The Epic2's sound is pleasantly warm—the mids are full without being muddy, and the highs are clear, not piercing or sibilant. Next to the sound from higher-end headphones, vocals on this pair can sound a little thin, but these flaws are very minor compared with that of the other sport headphones we tested.
Though the Jaybird X2 pair has a trickier initial fit, its durable build and lifetime warranty make it a good choice for people who punish their headphones. Photo: Michael Hession
If you don't like hooks over your ears, or if the JLab pair is sold out, the Jaybird X2 is the way to go. These headphones feel light, they stay put, they sound fantastic, they have a lifetime warranty against sweat damage (which, if you sweat through one pair of headphones a year, can really add up!), they charge pretty quickly (in around two hours), they have a nice case, and you can wear them several ways, depending on what works for you. However, getting the fit correct the first time takes a little more patience than with our top pick. As a result, in this test group the JLab Epic2 edged out the Jaybird X2 once again, but only barely.
Our unsealed pick
When you need to hear your surroundings, the Plantronics BackBeat Fit Bluetooth headphones are the best-sounding unsealed option for staying both motivated and safe. Photo: Michael Hession
If you want Bluetooth but you also need to hear what's going on around you, we recommend the Plantronics BackBeat Fit Bluetooth. In fact, the BackBeat Fit is the only pair of unsealed Bluetooth headphones we've heard that we would consider to be worth your money. Generally speaking, in-ear headphones that don't seal will sacrifice some sound quality, so don't expect the Plantronics to match the sound quality of the Epic2 or the Jaybird pairs, but overall the BackBeats don't sound objectionable in any way. Plus, the fit is comfortable and stable, and it's easy to pop this pair on your head and go. It also comes with a neoprene case that doubles as an armband for your smartphone, which is a nice addition.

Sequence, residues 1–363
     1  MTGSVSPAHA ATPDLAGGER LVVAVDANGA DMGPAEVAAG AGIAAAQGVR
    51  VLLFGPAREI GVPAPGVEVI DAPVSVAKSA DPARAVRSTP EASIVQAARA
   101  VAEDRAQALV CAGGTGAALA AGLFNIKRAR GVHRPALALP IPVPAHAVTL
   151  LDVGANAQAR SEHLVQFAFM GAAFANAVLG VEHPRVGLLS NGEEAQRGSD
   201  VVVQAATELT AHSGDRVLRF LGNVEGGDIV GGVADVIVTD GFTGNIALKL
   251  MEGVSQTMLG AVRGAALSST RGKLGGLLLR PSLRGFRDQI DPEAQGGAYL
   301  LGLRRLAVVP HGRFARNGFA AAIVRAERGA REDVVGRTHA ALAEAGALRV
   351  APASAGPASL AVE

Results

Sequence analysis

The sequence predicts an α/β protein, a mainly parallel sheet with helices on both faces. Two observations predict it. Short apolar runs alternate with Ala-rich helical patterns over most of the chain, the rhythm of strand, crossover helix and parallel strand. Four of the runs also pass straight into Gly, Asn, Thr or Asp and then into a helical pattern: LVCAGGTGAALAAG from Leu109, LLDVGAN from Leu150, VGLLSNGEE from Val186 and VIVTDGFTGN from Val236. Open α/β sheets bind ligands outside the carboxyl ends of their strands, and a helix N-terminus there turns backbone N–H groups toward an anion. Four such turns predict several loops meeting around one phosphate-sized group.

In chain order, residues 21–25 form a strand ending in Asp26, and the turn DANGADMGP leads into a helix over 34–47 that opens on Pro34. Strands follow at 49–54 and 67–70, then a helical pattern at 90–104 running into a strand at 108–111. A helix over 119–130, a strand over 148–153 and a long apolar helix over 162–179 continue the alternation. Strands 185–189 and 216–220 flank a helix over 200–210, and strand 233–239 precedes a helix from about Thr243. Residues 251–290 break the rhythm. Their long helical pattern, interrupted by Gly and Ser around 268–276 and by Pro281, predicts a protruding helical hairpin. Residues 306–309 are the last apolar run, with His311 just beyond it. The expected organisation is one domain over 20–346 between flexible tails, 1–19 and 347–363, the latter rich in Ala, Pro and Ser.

About on-ear and over-ear Bluetooth headphones
On-ear and over-ear workout headphones are for people who dislike the feeling of in-ear headphones and whose workouts are less physically dynamic. Because of the added weight, an on-ear/over-ear design will stay put if you're running on a treadmill or lifting weights, but it most likely won't tolerate jump squats or other high-impact sweating styles. A good pair of such headphones will sit comfortably on your head for a long period of time without pinching or irritating your ears.
Now that you know what we look for in such a pair, you'll probably understand why we didn't end up with a pick. After listening to and testing several pairs of on-ear/over-ear workout headphones, we didn't find one that satisfied our requirements, and we're not going to make a recommendation we don't believe in just to fill a category. When we do find something worth your money, we'll be sure to update this section.
This guide may have been updated by The Wirecutter. To see the current recommendation, please go here.